The Coalition was also the logical outcome of the state of parties at Westminster. Fox had 90 supporters, North 120; Shelburne about 140. From Fox’s point of view a North-Shelburne alliance would undo all hopes of reform and had to be stopped at all costs. But though these were logical calculations, the coalition was seen by contemporaries and by posterity, as an extraordinary piece of political cynicism.

James Gillray's  'A Block for the Wigs' (1783') captures the cynicism
about the Coalition. Fox is at right, followed by North, and then by
Burke, with a skeleton leg. George III is the blockhead in the centre.

The king was especially outraged and was determined to make life difficult for the Coalition – for example by refusing to create peers. In June Parliament debated the prospect of giving a regular income to the Prince of Wales, now approaching his 21st birthday. When the government suggested £100,000 a year, the king was horrified and Fox began to fear that the dispute would bring down the government. A compromise was agreed £50,000 p.a.from the civil list plus the revenues of the duchy of Cornwall, with the prince to have his own house (Carlton House). But the king could not forgive the coalition and declared that he ‘wished himself eighty or ninety or dead’.

In September the definitive peace treaties were signed with France, Spain and America. In November the government brought in an India Bill, which had been drafted by Burke in consultation with Fox. The most controversial aspect of the bill was the proposal to replace the Court of Directors and transfer the political responsibilities of the East India Company to a body of commissioners sitting in London, appointed first by Parliament and subsequently by the Crown. All the Commissioners were named in the bill – and all were supporters of the Coalition. Even Fox’s modern apologists have trouble defending this partisan bill.

When the bill was debated in Parliament, Fox made eloquent speeches but was condemned as ‘Carlo Khan’ in George Sayers’ caricature. 

'Carlo Khan's Triumphal Entry
into Leadenhall Street'

On 3 December the bill passed the Commons. On 9 December, as the Lords debated the first reading of the bill, the King chose this moment to plan his coup against the Coalition. On 11 December he made it known that those peers who voted for the bill
‘were not only not his friends, but he should consider them his enemies’.
This was a bombshell. George was gambling on his position and if the Lords voted for the bill he planned to abdicate and retire to Hanover. On 17 December the Lords rejected the bill by a majority of 19. In the Commons a furious Fox laid the blame for the defeat at the door of
‘the illegal and extraordinary exertions of the royal prerogative’.
On 18 December the government’s resignation was hourly expected. At midnight, while Portland, Fox and North were in conference, messengers arrived from the king asking them to deliver up their seals of office. On the next day the twenty-four-year old Pitt kissed hands as Prime Minister.

Pitt’s minority government

Pitt knew his government would only be temporary – he was outnumbered 2 to 1 in the Commons. He had great difficulty forming a government and his cabinet did not take shape until 23 December. The Whig hostess Mrs Crewe voiced the conventional wisdom when she described his government as a ‘mince-pie administration’ that would be gone in the New Year.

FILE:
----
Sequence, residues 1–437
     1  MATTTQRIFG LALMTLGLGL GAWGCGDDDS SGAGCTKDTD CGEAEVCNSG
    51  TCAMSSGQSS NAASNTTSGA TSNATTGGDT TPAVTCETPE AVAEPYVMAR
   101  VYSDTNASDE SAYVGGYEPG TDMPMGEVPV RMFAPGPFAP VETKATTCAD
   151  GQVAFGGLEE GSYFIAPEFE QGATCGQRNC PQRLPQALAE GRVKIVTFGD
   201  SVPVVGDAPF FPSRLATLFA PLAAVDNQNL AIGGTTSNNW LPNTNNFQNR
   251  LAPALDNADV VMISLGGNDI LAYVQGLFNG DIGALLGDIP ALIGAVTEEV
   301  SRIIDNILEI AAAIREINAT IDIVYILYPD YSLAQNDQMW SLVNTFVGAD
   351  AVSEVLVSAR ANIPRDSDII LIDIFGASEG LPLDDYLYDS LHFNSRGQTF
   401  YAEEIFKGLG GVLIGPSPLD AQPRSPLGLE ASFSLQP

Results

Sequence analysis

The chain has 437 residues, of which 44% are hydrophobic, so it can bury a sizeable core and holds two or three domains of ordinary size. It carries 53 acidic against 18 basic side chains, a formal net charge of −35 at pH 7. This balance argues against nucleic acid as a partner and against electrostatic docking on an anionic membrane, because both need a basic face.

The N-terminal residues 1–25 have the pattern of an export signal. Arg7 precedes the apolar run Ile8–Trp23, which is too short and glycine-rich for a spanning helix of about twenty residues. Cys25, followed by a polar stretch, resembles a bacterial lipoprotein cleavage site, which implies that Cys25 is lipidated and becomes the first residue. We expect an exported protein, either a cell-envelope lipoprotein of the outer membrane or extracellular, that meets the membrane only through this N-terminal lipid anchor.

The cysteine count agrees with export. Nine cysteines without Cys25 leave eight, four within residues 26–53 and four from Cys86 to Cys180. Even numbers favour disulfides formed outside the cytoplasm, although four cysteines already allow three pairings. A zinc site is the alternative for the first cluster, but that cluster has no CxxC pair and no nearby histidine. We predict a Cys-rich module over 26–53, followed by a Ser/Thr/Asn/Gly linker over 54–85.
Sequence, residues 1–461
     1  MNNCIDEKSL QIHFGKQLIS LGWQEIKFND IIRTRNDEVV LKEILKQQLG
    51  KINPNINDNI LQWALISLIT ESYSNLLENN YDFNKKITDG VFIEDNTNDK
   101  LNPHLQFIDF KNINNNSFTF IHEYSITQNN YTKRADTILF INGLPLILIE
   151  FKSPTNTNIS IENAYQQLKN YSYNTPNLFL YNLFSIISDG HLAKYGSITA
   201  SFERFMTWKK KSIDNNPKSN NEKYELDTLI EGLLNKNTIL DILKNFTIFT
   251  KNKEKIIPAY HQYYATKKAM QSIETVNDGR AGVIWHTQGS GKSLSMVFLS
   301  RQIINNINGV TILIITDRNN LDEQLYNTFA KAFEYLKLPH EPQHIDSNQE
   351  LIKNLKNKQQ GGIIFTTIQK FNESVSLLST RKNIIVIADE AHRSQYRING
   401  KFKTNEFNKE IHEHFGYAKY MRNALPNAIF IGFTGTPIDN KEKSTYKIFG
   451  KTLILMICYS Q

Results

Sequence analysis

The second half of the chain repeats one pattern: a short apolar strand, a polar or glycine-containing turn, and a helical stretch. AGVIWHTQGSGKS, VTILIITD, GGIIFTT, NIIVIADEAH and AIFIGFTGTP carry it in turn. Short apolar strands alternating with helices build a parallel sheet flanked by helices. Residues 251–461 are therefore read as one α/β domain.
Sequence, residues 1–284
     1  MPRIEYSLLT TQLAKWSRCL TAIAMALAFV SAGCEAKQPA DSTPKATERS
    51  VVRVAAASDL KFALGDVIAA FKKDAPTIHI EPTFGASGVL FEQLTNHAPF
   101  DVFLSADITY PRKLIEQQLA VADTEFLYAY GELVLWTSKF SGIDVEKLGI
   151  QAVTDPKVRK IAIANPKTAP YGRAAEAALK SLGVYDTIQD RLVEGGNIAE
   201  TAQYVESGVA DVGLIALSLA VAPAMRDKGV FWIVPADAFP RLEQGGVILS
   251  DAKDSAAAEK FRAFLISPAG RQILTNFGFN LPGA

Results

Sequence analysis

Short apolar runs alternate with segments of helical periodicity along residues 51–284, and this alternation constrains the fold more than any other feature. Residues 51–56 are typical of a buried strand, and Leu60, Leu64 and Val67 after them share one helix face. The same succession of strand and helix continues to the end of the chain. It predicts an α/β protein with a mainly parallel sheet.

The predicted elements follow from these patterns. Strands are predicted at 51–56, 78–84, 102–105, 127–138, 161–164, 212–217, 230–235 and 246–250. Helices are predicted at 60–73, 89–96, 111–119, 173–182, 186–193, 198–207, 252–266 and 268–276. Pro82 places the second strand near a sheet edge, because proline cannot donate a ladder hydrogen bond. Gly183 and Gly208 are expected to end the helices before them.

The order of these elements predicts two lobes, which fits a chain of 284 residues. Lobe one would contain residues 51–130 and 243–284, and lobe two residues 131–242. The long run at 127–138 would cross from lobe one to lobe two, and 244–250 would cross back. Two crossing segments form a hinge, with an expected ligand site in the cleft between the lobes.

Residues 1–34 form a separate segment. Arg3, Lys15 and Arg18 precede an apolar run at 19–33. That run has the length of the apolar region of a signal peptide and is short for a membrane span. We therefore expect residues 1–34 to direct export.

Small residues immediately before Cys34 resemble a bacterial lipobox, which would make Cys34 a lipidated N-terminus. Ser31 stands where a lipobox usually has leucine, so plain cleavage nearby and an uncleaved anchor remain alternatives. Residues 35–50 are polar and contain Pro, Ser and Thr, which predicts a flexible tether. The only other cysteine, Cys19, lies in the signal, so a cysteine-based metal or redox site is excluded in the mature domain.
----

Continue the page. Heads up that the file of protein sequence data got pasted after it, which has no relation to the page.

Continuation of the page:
But in the recess, the Crown built up its powers of patronage. When parliament met, the government lost many divisions but Pitt kept his nerve and did not resign. In he meantime congratulatory addresses to the king poured in. The Opposition began to falter and lose confidence. On 1 March the Morning Chronicle wrote:

‘The unshaken firmness of the Ministry under the actual tortures of an experiment which, until these six weeks, would have been thought an idle dream if any man had pretended to foresee it, engages respect.’

On 21 March Pitt decided to dissolve Parliament. On 24 March the king announced the end of the session. (The Great Seal was stolen - dirty tricks? - and another had to be made.)

The election of 1784

Thanks to the usual government pre-election manoeuvres (securing pocket boroughs) there was little doubt that Pitt would win the election. But the result was nevertheless a triumph, with Pitt making seventy gains. But an even more remarkable factor was the number of petitions that poured in supporting the King and condemning Fox. 

The election lasted five weeks, the last return coming in from London on 7 May. It aroused unprecedented interest with the number of caricatures reaching unprecedented proportions (many paid for by the government). Many Opposition members (notably the former Chancellor of the Exchequer, Lord John Cavendish) lost their seats (‘Fox’s Martyrs’). [Cavendish had held York since 1768 and thought it was a safe seat.] Thomas Coke lost Norfolk. One Whig politician wrote to another:
‘We are cut up root and branch. The country is utterly mad for prerogative.’
Fox only held onto his Westminster seat after the Duchess of Devonshire’s controversial canvassing. 

Thomas Rowlandson depicts the Duchess kissing a butcher
One of the many scurrilous caricatures attacking

The Westminster election began on 1 April and finished on 17 May. The final result was: Admiral Samuel Hood 6,694; Fox, 6,223; Sir Cecil Wray, 5,998.

In Yorkshire William Wilberforce and Henry Duncombe overturned the mighty Fitzwilliam interest, thanks to the direction and organisation of the radical clergyman Christopher Wyvill.

The election brought a decisive end to two years of political instability and set the tone for politics for the rest of the eighteenth century. Pitt was Prime Minister, Fox (in effect) Leader of the Opposition; the King had become popular and the Prince of Wales was unpopular!